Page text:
Dr. Seuss, Ad Man

August 13, 2012

Before Theodor Seuss Geisel made a name for himself as the author and illustrator of many beloved children’s books, he paid the bills as an ad man. And even then, he signed his work as the now famous Dr. Seuss. (That pen name, by the way, was initially inspired by a pseudonym he took on after getting busted drinking gin in his college dorm room. My kinda guy.)

I thoroughly enjoyed flipping through this Fast Company slideshow showing off 20 or so examples of Dr. Seuss’s handiwork as arguably the world’s most kick-ass ad artist. Every one is immediately identifiable as a Seuss-tastic work of art. When you pair his unmistakable artistic style with the quaint approach of many mid-20th century ads, you get some good material.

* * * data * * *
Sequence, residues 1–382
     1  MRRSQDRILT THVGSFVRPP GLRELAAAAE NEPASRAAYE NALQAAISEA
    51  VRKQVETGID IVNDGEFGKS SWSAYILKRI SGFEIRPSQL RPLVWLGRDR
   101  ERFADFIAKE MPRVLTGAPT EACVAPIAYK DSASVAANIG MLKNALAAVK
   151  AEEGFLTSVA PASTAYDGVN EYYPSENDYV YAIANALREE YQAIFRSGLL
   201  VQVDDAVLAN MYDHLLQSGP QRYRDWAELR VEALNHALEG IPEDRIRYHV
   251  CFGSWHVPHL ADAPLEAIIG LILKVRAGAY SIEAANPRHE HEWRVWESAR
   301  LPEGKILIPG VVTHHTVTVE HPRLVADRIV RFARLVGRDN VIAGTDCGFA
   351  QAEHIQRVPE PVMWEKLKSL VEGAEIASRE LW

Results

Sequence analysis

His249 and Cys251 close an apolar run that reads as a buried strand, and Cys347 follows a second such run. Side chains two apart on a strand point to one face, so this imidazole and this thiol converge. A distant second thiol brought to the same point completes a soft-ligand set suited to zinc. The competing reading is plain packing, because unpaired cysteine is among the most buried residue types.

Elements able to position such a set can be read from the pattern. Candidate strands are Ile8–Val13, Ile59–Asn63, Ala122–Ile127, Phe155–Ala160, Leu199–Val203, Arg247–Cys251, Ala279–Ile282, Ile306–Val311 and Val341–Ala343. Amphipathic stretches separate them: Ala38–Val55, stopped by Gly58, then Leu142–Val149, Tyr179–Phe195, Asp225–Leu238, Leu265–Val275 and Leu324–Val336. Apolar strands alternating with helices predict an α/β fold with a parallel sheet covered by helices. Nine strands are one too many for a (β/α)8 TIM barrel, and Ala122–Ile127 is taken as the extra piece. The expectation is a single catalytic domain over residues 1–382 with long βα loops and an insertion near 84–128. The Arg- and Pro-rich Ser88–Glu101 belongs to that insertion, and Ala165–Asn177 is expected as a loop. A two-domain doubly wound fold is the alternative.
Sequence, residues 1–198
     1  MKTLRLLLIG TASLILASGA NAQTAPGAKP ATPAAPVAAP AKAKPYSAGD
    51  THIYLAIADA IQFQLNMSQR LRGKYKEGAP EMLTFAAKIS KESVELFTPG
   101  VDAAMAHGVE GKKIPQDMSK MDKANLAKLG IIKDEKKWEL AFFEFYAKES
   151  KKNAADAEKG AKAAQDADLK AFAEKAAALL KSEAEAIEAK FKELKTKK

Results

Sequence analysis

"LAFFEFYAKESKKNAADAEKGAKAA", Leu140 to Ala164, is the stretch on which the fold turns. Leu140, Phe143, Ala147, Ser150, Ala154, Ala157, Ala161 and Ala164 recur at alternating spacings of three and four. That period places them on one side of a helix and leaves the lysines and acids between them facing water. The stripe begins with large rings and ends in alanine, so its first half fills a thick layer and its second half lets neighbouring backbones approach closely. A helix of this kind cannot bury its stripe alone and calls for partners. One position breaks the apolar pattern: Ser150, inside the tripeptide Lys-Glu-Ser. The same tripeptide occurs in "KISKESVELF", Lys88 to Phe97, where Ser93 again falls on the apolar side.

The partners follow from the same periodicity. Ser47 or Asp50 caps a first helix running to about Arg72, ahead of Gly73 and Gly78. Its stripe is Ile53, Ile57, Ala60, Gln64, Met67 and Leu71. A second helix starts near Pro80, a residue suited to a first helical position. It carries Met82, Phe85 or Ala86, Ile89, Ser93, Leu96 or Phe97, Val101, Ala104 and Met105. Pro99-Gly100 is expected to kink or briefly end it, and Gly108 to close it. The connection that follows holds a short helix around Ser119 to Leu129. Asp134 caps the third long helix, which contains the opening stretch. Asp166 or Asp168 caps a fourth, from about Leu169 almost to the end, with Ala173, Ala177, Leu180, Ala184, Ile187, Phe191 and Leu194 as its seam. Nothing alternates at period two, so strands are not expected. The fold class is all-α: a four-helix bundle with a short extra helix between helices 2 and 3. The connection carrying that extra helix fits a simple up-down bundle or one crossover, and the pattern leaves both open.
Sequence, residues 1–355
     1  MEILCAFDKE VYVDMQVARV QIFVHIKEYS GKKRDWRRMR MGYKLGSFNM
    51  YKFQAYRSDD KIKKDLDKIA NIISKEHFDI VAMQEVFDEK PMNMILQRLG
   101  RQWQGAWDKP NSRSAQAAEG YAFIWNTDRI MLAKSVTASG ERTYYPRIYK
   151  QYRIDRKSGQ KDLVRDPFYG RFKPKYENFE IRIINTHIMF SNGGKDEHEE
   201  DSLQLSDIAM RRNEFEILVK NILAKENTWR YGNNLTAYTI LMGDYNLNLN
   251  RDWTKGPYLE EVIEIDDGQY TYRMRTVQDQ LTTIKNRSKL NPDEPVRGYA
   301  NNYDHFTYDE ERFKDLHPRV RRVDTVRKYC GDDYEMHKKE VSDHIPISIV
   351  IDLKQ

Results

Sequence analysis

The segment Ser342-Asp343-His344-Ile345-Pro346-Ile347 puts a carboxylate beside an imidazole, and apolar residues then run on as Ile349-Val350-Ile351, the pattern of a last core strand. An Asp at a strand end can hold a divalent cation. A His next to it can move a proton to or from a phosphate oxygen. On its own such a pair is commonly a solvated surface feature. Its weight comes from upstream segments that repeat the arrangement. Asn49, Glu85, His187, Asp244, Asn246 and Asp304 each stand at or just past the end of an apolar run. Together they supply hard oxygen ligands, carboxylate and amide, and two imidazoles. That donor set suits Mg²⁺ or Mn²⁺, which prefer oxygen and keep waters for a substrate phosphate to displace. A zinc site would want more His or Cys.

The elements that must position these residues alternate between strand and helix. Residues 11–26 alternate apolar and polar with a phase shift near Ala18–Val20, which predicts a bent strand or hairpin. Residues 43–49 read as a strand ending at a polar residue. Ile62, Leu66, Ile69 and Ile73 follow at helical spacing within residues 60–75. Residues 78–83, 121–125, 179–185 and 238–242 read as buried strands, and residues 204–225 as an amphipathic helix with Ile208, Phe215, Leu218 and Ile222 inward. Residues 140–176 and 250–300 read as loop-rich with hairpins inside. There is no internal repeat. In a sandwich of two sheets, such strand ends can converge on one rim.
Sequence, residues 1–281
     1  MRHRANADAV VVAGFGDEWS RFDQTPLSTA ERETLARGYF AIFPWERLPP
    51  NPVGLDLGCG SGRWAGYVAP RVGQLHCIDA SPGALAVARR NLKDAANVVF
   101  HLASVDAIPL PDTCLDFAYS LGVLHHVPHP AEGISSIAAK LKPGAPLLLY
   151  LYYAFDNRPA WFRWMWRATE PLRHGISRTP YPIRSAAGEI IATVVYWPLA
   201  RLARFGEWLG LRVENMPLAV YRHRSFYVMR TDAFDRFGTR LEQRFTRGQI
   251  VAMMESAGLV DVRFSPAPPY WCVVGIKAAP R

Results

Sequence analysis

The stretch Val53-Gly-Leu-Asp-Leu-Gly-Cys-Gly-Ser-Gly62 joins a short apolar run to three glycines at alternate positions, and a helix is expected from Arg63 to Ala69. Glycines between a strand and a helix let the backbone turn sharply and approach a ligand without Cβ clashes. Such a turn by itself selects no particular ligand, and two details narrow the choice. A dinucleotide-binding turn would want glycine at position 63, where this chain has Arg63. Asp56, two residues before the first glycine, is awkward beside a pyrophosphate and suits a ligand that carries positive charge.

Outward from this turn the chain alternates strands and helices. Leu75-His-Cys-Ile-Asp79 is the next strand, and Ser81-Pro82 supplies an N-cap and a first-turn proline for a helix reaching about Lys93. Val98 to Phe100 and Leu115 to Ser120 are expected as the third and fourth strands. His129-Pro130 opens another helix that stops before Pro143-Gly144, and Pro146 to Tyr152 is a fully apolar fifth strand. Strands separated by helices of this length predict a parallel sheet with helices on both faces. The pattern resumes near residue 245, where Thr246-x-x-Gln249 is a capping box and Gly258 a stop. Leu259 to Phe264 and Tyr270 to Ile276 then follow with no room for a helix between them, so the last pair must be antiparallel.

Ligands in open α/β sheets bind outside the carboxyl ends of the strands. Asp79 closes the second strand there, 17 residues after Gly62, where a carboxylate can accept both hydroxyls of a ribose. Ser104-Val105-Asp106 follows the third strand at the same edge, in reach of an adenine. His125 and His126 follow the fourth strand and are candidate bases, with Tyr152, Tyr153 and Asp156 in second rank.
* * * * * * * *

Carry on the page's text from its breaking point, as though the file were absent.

Here are a few of my faves from the Fast Company piece:

This got me thinking: What if other children’s book authors/illustrators turned to advertising to make a few (more) bucks?

You could have enjoyed ads by Maurice Sendak, author of “Where the Wild Things Are,” perhaps touting the benefits of a powerful hair-growth cream (seems like something out of Seuss’s era, no?):

Sandra Boynton, author of many rhyme-filled board books, perhaps could have been hired by the manufacturer of mood altering prescription drugs:

The winner, of course, would be Shel Silverstein, author of “The Giving Tree.” Not only is this one of the most recognizable children’s books in all the land, but Shel has already given license to some brilliant manufacturer to make not an actual ad but one of the most awesomest bits of gadget-personalization gear you’ll ever see (this is a real thing):